While I have warmed somewhat to Paul Verhoven's 1997 sci-fi feature after intensely disliking it upon first viewing, I still don't quite understand the appeal that some seem to find in it. Some have called it a parody, some have called it satire; I really see nothing much in it besides a loud, visually remarkable picture that has some bad dialogue and performances that are occasionally even worse. I find it busy and energetic and occasionally exciting, but I think a better picture could have been made from some of the parts of this one (2001's computer-generated "Final Fantasy: The Spirits Within" was a more successful exploration of similar story ground).
The film revolves around a group of teenagers in the future, who live in Buenos Aires. There's Johnny (Casper Van Dien), who likes Carmen (Denise Richards), who likes Zander (Patrick Muldoon). On the outside, there's Dizzy (Dina Meyer), who likes Johnny (in one of the film's many instances of embarassing dialogue, she actually asks him, with a straight face, what his "malfunction" is). The characters are written as to be interchangable, with little character development and little to engage the viewer. The first hour, complete with soap-opera subplots about who likes who out of these hollow and shallow characters really tries the patience. The film's ridiculous 130 minute running time should have been cut down by at least 30 minutes, with much of the opening being the first to go, launching the viewer in instead.
It's obvious with hints at the opening that the kids will eventually be launched into the battle with giant insects, which are featured in one of the film's occasional "news reports". At the end, they always ask, "do you want to know more?" I really didn't, but I knew the film was going to tell me anyways.
The film's special effects are really one of its few major positives. While the sequences do get repetitive - humans attack bugs, the giant CGI bugs tear at their attackers, on and on, they are visually stellar. However, the acting takes away from whatever positives the production adds. While Dina Meyer actually has some enjoyable and dramatic moments, Casper Van Dien is terrible and Denise Richards succeeds at looking pretty and smiling well, but not much else. Even Neil Patrick Harris plays a character with psychic powers. "Doogie Howser, ESP", I suppose. Most of the actors overplay the dialogue, which leads to some not particularly good lines getting unintentional laughs. Although I'm sure that the budget restricted the filmmakers from hiring A-list actors, stronger unknowns could likely have been found.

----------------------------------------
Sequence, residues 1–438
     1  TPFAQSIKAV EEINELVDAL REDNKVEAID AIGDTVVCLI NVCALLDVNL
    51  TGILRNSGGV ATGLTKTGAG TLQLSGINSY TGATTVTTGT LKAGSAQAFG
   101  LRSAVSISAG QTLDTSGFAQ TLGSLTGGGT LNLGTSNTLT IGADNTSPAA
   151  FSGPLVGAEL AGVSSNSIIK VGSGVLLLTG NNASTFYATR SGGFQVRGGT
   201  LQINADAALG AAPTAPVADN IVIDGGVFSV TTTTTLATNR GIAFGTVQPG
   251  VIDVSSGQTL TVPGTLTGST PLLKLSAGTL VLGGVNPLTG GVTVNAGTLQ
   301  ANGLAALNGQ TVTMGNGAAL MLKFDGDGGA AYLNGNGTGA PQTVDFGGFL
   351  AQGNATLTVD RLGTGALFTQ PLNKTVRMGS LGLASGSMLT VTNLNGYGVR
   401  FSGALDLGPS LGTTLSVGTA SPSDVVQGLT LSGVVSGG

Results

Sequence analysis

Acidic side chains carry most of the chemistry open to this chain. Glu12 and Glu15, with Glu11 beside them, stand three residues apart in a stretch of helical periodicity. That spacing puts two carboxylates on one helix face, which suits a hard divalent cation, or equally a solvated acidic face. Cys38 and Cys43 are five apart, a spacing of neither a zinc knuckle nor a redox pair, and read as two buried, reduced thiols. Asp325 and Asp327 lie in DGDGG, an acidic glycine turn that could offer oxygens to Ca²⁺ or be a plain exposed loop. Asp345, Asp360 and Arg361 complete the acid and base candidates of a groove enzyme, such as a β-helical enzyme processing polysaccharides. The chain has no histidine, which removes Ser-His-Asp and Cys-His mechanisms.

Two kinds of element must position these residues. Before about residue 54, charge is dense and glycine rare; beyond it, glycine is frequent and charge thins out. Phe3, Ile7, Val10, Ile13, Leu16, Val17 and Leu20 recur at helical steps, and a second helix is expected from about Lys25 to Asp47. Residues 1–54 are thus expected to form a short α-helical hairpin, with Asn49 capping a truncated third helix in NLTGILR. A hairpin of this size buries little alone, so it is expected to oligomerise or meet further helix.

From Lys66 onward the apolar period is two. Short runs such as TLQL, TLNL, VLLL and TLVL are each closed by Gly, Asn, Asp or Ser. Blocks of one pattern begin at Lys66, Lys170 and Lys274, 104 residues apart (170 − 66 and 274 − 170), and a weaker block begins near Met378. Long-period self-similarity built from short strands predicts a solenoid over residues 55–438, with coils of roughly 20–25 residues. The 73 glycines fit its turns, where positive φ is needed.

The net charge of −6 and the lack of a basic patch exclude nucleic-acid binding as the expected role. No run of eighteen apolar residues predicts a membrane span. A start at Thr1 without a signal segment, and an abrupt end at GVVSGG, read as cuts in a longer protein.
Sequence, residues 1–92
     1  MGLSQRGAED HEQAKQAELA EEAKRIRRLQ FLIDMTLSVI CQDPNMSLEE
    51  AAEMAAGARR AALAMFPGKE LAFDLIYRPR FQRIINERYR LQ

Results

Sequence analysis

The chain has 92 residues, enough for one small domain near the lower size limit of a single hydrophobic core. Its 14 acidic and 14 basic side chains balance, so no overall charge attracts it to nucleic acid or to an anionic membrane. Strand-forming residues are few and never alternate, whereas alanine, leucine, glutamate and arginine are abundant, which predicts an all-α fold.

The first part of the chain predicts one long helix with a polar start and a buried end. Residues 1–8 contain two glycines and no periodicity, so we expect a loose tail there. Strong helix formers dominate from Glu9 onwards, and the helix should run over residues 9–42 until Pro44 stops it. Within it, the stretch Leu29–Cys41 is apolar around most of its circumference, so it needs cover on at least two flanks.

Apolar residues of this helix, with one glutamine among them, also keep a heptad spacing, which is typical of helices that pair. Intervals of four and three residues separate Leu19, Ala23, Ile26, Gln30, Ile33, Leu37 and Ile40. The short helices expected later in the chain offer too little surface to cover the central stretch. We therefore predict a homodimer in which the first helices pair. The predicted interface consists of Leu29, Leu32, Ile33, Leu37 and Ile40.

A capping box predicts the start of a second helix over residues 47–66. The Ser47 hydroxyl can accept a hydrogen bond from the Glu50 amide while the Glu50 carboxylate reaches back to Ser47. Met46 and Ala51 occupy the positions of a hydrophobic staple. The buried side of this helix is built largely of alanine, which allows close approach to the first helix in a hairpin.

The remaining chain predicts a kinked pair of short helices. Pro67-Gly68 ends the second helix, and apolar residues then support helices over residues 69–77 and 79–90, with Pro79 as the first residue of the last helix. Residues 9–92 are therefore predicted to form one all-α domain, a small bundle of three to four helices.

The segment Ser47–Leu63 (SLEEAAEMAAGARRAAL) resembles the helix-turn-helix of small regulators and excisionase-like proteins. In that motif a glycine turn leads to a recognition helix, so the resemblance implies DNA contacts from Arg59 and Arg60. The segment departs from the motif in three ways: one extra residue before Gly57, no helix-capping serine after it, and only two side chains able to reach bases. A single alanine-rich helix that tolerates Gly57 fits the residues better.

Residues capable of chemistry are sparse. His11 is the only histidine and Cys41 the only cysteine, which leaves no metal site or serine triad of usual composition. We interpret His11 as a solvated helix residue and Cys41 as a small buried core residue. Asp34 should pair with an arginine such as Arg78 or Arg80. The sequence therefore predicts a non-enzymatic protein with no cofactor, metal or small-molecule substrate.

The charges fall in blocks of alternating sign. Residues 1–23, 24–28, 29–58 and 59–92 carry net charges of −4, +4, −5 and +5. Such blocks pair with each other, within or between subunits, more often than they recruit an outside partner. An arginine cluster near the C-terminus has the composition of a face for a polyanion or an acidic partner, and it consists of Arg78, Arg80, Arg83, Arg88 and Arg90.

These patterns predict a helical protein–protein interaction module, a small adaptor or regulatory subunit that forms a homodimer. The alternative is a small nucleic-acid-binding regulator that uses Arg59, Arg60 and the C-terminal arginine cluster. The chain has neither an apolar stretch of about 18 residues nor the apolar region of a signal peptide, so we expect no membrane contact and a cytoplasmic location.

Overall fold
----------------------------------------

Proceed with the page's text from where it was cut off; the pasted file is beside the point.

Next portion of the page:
"Starship Troopers" has its fan base who have found something more substantial in it than I have. While I've liked some of Verhoven's pictures (and don't dislike "Troopers" nearly as much as I did when I first viewed it), "Troopers" still seems like a lot of terrific special effects in search of a screenplay and better actors.
VIDEO: "Starship Troopers" is presented here in 1.85:1 (1080p/AVC) and the results are (mostly) stellar, as the Blu-Ray presentation beats even the Superbit DVD presentation by a wide margin. Sharpness and detail remain exceptional throughout much of the movie - depth to the image almost always impressed, as did the levels of small object detail (hairs, etc.) If anything, the only issue regarding definition was that the picture was crisp enough to make some of the non-bug CGI effects look a little more dated.
The print used looked mostly clean and clear, with only a few scattered specks and marks spotted throughout the running time. One negative surprise is the presence of some minor edge enhancement in a handful of scenes, which proved somewhat distracting. No artifacting was noticed, and colors remained bright, bold and well-saturated.